“For most people, it’s not the overt, horrible sexism,” Seltzer said. “It’s the steady drip of the undercurrent of implicit bias – harmless things such as referring to programmers as ‘he’ … Fatigue from feeling that you don’t always belong.”
Amy Yin, a former classmate of Madoff’s, says that she was put off by the brogrammer culture of her first workplace out of college. She now works as a software engineer at Hired, Inc.
“I felt all the offsite events were testosterone-filled,” she said. “Anyone can go to a shooting range or whatever, but it’s not necessarily fun for both parties.”
Madoff remembers when she interned as a software engineer for three summers in college. She says that many people didn’t expect or believe that she, a woman, could hold such a position.
“It’s not necessarily any individual person being a jerk, but I have often worked in larger companies where people ask, ‘Oh wow, why do you have that up?’” she said, referring to when she was seen coding at her computer.
Another major issue for women is pregnancy, since it affects the amount of time that they can spend working.
“It’s a really public thing for a women, and a really private thing for a guy,” Seltzer said. “This is a really complex issue. Not just the fact that it’s the women giving birth.”
Many companies who boast about their progressive paternal leave policies arguably help men more than women, according to a recent New York Times article.
One woman in Yin’s social circle was explicitly advised not to get pregnant.
“My friend, who is at a major tech company, was told not to get pregnant – that getting pregnant is detrimental to your career,” she said.
Men who take parental leave often can use this time off to work on research or their own startups, while women are more likely to focus on childrearing.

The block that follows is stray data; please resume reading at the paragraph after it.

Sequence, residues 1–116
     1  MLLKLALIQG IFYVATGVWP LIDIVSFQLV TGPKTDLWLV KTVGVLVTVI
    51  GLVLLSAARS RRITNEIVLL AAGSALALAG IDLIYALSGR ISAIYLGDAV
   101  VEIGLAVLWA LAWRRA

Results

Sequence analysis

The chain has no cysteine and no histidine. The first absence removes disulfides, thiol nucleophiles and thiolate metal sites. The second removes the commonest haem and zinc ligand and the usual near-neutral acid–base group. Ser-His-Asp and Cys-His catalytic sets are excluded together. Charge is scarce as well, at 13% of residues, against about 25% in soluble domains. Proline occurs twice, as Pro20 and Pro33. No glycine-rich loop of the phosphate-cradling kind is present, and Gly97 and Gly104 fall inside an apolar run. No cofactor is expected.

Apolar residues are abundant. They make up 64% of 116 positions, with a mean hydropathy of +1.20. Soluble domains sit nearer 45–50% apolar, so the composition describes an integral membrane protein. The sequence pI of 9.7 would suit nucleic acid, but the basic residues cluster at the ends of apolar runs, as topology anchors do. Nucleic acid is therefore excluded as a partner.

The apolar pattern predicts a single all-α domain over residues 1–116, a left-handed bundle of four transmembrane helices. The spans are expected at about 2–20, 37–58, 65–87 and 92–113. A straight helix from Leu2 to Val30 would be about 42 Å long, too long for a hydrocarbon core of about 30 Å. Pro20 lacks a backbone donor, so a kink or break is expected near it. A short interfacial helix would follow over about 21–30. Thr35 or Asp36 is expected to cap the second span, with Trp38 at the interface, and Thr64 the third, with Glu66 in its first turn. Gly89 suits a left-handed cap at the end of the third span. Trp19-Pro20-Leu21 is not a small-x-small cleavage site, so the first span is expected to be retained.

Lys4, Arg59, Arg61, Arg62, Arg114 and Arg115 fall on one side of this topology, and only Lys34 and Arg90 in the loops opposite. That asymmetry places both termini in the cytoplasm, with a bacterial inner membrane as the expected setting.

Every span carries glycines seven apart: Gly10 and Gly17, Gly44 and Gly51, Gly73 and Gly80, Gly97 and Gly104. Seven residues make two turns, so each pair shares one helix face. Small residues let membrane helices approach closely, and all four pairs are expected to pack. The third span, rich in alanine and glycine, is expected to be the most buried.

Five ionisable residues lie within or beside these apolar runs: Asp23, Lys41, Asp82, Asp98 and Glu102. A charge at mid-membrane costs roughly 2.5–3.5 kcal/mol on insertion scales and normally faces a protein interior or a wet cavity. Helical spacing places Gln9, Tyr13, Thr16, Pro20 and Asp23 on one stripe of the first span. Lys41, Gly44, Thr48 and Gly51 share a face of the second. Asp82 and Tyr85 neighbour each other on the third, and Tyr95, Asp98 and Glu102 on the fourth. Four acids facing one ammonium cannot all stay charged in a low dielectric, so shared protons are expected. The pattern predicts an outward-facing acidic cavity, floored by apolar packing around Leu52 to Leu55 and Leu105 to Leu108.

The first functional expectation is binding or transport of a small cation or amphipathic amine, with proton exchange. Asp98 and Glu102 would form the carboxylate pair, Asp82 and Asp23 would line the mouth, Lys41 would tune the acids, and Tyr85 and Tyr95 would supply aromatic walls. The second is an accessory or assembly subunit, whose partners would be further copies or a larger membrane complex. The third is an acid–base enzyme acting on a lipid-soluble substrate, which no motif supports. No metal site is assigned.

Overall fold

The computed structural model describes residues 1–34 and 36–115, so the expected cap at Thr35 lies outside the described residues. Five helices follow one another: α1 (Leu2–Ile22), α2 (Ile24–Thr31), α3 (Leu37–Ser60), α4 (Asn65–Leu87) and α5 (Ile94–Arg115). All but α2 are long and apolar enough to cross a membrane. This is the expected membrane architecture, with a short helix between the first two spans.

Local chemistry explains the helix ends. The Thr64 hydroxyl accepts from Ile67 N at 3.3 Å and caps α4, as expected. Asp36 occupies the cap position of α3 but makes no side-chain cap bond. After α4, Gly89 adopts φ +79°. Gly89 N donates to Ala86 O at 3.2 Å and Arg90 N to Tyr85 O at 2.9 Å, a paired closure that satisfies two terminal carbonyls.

While numbers for women in tech remain low, Deloitte’s projection included some positive changes – more women are holding senior positions in tech now than ever before.
Jodi Goldstein held a number of senior positions at tech startups and now serves as the managing director for the Harvard Innovation Lab. She says that women should push harder to show their abilities, although it can be difficult – on several occasions, Goldstein was discouraged from others in the industry because she stood out as a woman.
“That’s the kind of world we live in, so we can’t cry about it. I just want to be good at my job and be appreciated for that,” she said. “I’ve always felt very strongly that I don’t want special treatment because I’m a woman.”
Many are hopeful that the tech industry’s gender gap will further close in 2017, as more people start to pay attention to it. Goldstein and Seltzer say that they’ve anecdotally seen more women enroll in computer science courses at their institutions, though some data suggests the opposite trend nationwide.
“I really strongly believe that we’re entering the year of the woman,” Yin said. “I really hope that we have stronger female role models so women will want to shoot higher.”